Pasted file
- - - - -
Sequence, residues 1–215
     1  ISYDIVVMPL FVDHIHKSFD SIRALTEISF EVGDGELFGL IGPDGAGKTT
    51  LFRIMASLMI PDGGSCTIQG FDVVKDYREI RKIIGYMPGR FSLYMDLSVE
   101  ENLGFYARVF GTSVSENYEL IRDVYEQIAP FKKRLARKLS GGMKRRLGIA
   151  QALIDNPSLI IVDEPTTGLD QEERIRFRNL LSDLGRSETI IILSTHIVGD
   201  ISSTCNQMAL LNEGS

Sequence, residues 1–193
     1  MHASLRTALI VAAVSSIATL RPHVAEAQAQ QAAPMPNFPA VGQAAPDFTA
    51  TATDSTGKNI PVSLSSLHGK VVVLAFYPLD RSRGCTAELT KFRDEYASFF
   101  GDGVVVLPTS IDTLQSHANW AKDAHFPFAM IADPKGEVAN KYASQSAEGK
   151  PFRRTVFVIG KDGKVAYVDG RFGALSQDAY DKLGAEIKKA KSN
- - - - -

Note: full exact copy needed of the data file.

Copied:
Sequence, residues 1–215
     1  ISYDIVVMPL FVDHIHKSFD SIRALTEISF EVGDGELFGL IGPDGAGKTT
    51  LFRIMASLMI PDGGSCTIQG FDVVKDYREI RKIIGYMPGR FSLYMDLSVE
   101  ENLGFYARVF GTSVSENYEL IRDVYEQIAP FKKRLARKLS GGMKRRLGIA
   151  QALIDNPSLI IVDEPTTGLD QEERIRFRNL LSDLGRSETI IILSTHIVGD
   201  ISSTCNQMAL LNEGS

Sequence, residues 1–193
     1  MHASLRTALI VAAVSSIATL RPHVAEAQAQ QAAPMPNFPA VGQAAPDFTA
    51  TATDSTGKNI PVSLSSLHGK VVVLAFYPLD RSRGCTAELT KFRDEYASFF
   101  GDGVVVLPTS IDTLQSHANW AKDAHFPFAM IADPKGEVAN KYASQSAEGK
   151  PFRRTVFVIG KDGKVAYVDG RFGALSQDAY DKLGAEIKKA KSN